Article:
“Transitions are a key period where we might intervene, both to support, but also to prevent.”
Returning to the idea of “siloed research”, Professor Harold explained that a particular challenge is that most of the evidence on different intervention strategies are in siloed domains: early years interventions, school-based interventions, and family-based interventions. It is also true that the benefits and consequences of any interventions are not siloed in this way. For example, a family-based intervention can have benefits in the educational context as well. Recognising that interventions in one area can have outcomes and benefits beyond that context is an important policy relevant shift. Professor Harold’s broader point is that we need to move past siloed approaches and recognise that childhood and adolescence overlaps many different domains, such as family, education, and more. However, he said this need to move past the traditional ‘siloing’ of disciplines, interventions, and outcomes presents a challenge to policymaking, since government itself is structured into departments which may not interact or engage to a sufficient degree.
“Longitudinal evidence shows that individuals whose parents have received interparental conflict support, have a lower rate of interpersonal conflict and violence in their own social relationships.”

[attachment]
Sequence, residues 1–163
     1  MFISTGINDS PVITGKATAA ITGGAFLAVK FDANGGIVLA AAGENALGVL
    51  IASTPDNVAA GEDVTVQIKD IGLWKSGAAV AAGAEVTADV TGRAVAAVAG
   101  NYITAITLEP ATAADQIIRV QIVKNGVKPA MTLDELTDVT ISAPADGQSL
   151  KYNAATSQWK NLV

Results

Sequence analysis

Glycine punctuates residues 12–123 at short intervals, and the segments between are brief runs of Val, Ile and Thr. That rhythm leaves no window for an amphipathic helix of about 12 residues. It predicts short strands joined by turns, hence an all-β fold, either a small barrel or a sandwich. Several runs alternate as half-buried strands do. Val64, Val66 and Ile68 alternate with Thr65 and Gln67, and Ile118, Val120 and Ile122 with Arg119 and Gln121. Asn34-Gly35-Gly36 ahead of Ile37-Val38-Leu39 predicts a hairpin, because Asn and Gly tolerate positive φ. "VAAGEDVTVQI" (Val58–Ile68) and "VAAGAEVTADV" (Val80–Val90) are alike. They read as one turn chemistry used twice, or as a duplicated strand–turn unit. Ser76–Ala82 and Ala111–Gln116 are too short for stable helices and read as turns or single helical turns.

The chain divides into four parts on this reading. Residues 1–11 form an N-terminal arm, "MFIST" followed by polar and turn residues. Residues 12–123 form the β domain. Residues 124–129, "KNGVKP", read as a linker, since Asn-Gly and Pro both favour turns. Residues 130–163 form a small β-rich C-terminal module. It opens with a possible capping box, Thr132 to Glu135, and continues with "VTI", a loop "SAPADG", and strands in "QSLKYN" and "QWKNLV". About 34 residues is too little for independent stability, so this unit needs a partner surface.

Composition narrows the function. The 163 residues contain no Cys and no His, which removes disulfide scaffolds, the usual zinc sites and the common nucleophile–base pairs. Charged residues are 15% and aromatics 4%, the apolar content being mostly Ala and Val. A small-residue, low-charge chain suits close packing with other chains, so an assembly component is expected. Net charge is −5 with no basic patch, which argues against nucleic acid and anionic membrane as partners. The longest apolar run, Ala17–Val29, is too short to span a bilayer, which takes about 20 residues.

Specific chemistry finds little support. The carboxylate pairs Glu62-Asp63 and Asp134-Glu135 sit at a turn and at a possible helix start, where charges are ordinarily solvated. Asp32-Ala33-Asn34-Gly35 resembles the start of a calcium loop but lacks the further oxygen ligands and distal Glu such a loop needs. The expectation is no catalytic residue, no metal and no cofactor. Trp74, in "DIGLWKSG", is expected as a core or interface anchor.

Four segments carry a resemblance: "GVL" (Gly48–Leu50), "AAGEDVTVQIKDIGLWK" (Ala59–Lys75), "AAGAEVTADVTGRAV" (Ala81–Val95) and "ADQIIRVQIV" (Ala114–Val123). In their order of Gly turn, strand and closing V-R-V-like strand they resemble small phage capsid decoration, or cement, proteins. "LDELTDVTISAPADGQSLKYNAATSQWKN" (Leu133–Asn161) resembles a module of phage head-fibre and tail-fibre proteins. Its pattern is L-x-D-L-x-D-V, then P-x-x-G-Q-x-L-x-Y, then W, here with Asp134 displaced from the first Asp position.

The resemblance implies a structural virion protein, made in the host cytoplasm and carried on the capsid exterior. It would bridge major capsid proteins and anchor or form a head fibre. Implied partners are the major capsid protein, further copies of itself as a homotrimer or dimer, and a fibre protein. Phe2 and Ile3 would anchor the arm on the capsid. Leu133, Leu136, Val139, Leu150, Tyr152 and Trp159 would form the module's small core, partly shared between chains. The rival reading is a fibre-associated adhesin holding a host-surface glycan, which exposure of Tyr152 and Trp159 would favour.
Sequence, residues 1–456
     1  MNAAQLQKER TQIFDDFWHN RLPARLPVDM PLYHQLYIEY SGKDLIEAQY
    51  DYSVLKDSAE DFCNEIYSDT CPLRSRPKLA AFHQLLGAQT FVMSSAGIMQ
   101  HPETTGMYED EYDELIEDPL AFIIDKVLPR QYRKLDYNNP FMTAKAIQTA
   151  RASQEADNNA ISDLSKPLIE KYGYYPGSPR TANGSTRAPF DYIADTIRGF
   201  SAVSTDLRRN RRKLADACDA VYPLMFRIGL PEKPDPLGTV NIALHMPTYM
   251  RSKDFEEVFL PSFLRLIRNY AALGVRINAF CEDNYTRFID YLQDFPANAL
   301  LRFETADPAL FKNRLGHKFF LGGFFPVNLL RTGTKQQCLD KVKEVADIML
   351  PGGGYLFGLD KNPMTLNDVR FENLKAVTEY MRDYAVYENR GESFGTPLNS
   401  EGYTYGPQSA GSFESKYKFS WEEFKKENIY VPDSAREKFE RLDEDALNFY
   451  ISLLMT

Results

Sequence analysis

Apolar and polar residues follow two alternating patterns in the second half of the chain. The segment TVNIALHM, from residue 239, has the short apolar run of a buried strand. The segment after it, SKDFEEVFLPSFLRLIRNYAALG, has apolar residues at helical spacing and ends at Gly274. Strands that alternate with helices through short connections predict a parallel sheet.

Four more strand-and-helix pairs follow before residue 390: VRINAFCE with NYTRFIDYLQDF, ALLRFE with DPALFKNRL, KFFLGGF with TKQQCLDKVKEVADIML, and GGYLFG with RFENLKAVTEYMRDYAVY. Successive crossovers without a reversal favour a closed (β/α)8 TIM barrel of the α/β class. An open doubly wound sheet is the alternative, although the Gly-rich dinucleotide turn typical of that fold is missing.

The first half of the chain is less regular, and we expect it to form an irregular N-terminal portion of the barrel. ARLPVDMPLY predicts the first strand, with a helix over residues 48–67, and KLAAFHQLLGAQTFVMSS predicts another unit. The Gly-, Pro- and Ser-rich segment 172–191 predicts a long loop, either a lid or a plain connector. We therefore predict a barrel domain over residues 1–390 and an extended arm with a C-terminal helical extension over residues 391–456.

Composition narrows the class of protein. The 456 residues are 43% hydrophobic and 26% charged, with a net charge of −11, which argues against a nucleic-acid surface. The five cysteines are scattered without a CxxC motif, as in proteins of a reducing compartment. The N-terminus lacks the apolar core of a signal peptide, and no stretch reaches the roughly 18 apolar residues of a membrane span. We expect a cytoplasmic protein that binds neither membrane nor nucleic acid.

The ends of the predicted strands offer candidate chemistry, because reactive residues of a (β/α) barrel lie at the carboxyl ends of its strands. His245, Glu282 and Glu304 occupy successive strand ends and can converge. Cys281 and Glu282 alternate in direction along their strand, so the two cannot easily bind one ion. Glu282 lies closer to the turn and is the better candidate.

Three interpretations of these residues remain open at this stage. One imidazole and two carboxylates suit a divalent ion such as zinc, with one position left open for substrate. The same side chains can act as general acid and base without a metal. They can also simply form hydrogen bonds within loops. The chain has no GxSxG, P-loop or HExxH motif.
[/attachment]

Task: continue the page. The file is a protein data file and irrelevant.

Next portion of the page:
Professor Harold concluded the seminar by discussing the Reducing Parental Conflict (RPC) programme, a recent policy initiative led by the Department for Work and Pensions (DWP) in the UK. The RPC programme is based on evidence that interparental conflict, especially if frequent, intense and poorly resolved, can have a significant negative impact on children’s mental health and long-term life chances. Targeting interparental relationships can therefore improve childhood outcomes, but also leads to benefits for the parents, as measured by reductions in depression, improved parent-child relationship quality, and improvements in other areas of adult wellbeing - again demonstrating the non-siloed nature of intervention outcomes. Professor Harold presented a cascade framework by which interparental conflict leads to behavioural problems in children, which in turn can lead to academic problems, poor mental health, and ultimately problems in finding or maintaining employment. This emphasises that the outcome of an early intervention can have many interrelated effects. Professor Harold noted that outcomes are implicitly understood as an end, but he argued that outcomes can themselves be the start of a next step. To conclude, Professor Harold said that we should move away from the siloed approach of treating intervention outcomes as an end. Instead, we should recognise the cascade of knock-on effects they produce, and the accumulated costs saved over-time through effective ‘early in the life of a risk’ intervention, and the promotion of future prevention.